Saskatchewan police are teaming up with SGI this month to crack down on expired licence plates and suspended drivers.
“It’s a bigger issue than you might think. In 2016, there were 1,800 drivers who were convicted of criminal code charges for driving while disqualified,” said SGI spokesperson Tyler McMurchy.
He added that more than 9,000 vehicles are flagged annually for driving with invalid plates.
“If you are in an accident and you don’t have a valid license or valid insurance, then you could be potentially on the hook for thousands of dollars in costs resulting from that collision,” warned McMurchy.
A fine for driving an unregistered vehicle is $580, plus a demerit point.
The consequences for driving while disqualified could involve criminal code charges, including fines, jail time and the driver having their vehicle impounded.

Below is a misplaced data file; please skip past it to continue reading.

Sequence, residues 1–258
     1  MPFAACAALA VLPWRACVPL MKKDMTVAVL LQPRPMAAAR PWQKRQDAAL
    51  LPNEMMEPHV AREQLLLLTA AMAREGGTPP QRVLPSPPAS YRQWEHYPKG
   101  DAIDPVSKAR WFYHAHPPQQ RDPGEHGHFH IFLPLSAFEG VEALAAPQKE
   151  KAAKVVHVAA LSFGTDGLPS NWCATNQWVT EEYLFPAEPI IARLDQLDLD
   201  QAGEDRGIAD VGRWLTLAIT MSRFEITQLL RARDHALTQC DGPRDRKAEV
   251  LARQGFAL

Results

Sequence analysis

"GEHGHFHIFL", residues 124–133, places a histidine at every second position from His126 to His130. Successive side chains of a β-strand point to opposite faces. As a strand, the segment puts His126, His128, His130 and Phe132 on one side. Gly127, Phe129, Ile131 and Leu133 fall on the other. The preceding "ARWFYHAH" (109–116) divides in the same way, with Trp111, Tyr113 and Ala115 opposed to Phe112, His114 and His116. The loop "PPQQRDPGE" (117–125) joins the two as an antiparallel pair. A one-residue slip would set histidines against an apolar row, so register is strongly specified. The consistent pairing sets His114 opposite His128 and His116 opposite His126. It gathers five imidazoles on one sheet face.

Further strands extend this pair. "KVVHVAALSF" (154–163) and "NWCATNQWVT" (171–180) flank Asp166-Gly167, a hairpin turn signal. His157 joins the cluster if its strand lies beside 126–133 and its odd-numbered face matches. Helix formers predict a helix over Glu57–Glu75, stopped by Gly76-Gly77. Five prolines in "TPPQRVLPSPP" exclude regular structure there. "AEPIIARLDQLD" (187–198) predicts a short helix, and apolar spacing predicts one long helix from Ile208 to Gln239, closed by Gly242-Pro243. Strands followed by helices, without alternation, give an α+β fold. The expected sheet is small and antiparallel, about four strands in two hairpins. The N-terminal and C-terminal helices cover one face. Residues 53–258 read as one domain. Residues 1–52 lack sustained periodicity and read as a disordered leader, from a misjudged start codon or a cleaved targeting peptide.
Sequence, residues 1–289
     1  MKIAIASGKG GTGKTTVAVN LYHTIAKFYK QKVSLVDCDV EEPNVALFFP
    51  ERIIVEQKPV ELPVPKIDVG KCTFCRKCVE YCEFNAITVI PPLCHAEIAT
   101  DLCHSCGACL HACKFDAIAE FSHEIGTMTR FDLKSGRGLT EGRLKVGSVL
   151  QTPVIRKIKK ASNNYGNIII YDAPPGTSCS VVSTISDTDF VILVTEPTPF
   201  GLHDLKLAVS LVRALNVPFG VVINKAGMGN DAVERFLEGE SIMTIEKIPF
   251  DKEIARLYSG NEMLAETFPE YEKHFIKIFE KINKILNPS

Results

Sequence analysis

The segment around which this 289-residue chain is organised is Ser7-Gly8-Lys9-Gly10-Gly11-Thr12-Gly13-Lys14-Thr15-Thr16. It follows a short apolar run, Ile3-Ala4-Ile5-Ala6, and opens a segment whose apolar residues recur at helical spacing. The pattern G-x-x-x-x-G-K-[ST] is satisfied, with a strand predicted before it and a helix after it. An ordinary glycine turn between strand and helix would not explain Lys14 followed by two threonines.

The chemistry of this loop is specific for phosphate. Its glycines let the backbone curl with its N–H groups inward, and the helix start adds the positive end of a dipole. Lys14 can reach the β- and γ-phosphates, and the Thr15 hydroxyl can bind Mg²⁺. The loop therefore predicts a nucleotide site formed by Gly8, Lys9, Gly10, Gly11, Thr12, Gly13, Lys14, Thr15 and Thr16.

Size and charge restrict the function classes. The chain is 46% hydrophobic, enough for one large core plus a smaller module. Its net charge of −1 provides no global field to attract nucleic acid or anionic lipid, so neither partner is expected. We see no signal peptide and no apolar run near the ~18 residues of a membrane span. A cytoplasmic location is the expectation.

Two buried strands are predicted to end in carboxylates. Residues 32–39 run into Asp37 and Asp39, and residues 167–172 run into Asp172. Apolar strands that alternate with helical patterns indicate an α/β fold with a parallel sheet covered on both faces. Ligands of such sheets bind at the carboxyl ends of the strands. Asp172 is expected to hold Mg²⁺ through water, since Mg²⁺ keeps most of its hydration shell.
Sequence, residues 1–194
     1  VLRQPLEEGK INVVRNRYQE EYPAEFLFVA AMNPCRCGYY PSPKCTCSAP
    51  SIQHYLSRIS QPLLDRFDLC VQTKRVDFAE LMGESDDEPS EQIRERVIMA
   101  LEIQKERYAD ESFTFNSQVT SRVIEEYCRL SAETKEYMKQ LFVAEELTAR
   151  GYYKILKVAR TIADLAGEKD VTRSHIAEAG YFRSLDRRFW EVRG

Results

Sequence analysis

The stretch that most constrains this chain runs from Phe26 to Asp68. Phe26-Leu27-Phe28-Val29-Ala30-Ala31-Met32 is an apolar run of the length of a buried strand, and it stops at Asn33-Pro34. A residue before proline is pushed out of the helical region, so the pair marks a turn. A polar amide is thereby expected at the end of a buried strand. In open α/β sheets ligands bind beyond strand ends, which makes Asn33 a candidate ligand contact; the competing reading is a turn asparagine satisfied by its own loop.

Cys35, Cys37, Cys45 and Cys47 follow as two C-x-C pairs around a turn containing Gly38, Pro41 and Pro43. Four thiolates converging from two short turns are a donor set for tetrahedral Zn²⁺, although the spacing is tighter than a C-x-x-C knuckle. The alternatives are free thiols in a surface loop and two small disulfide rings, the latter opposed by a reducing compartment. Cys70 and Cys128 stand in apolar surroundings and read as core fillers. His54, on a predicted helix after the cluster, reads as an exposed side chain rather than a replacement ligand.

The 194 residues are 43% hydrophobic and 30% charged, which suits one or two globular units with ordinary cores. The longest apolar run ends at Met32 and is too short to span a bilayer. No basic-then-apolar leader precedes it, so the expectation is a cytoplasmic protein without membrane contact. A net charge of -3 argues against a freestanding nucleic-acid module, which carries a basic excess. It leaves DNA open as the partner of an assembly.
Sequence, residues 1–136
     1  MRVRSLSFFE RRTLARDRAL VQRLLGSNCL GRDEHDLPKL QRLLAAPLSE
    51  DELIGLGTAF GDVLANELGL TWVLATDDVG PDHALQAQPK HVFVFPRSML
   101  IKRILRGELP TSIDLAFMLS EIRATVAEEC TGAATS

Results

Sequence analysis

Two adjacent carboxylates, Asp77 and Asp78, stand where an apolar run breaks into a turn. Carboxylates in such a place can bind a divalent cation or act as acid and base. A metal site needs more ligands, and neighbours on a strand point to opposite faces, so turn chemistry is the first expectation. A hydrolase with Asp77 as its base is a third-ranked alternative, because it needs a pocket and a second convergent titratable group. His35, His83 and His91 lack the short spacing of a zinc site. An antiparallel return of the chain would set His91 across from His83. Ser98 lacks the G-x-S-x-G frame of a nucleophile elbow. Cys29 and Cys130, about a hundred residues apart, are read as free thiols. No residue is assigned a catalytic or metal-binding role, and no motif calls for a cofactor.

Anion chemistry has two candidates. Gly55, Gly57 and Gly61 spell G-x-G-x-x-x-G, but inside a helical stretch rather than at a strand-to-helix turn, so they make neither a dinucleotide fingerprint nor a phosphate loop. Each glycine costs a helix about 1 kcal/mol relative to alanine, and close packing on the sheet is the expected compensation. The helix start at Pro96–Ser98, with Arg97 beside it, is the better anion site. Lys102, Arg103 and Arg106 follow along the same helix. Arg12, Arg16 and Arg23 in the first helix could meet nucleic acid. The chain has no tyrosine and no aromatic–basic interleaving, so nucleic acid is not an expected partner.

To detect these violations, police are using automated licence plate readers (ALPRs), which take photos of the plate and the associated vehicle.
“If it gives me an unregistered vehicle hit or a suspended hit, what we have to do then is usually run the licence plate or the person that’s suspended through (the Canadian Police Information Centre) or SGI to verify if that suspension is accurate … from there, we stop the car,” explained Const. Curtis Warnar of the Regina Police Service’s Traffic Safety Unit.
He added that ALPRs scan between 5,000 to 6,000 plates and detect upwards of 200 violations each 12-hour shift.
The readers are also capable of tracking down both stolen and amber alert vehicles via the license plate numbers.
The Regina Police Service currently has two cruisers equipped with ALPRs and plan to invest in a third within the next few weeks.
SGI has funded ALPRs in 59 patrol vehicles across the province since 2008.